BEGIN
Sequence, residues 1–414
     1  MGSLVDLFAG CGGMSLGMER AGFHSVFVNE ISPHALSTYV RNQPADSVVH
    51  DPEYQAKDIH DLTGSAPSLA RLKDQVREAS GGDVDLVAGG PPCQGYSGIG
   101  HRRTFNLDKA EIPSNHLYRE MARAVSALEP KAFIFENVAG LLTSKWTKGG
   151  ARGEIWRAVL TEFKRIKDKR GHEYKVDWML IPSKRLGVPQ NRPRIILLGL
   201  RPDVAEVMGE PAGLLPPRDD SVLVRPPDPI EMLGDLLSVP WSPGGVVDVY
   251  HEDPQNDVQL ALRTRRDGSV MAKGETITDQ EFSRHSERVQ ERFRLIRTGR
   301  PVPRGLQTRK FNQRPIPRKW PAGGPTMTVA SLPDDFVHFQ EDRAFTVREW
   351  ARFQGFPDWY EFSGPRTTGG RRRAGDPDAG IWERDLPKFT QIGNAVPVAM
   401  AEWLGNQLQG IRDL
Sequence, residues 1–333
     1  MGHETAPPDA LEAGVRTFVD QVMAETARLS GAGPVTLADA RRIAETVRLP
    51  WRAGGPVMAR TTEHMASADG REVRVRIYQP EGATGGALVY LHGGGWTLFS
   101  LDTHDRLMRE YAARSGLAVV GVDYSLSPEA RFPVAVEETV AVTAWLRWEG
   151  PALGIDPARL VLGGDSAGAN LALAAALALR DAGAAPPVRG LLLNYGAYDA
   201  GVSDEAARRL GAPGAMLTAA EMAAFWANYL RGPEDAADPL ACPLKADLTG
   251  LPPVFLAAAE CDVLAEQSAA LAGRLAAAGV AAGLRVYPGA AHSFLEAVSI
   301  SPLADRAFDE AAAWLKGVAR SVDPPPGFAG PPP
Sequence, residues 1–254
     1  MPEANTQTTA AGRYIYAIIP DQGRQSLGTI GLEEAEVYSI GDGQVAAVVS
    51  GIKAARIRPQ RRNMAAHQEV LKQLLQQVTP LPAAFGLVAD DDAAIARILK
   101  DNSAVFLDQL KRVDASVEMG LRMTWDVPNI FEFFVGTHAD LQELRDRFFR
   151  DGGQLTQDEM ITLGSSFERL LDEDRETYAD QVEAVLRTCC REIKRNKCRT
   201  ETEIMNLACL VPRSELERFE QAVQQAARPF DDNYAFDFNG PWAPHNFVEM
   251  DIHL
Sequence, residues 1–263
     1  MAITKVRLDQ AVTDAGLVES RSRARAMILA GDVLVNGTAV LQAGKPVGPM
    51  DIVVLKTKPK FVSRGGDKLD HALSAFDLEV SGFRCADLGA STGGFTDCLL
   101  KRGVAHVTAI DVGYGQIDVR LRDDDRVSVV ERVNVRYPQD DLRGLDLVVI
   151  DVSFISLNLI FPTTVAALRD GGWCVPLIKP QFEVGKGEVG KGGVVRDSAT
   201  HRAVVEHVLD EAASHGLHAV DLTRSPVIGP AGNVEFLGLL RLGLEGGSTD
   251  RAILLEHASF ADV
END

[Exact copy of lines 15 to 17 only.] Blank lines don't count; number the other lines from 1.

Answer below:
   151  PALGIDPARL VLGGDSAGAN LALAAALALR DAGAAPPVRG LLLNYGAYDA
   201  GVSDEAARRL GAPGAMLTAA EMAAFWANYL RGPEDAADPL ACPLKADLTG
   251  LPPVFLAAAE CDVLAEQSAA LAGRLAAAGV AAGLRVYPGA AHSFLEAVSI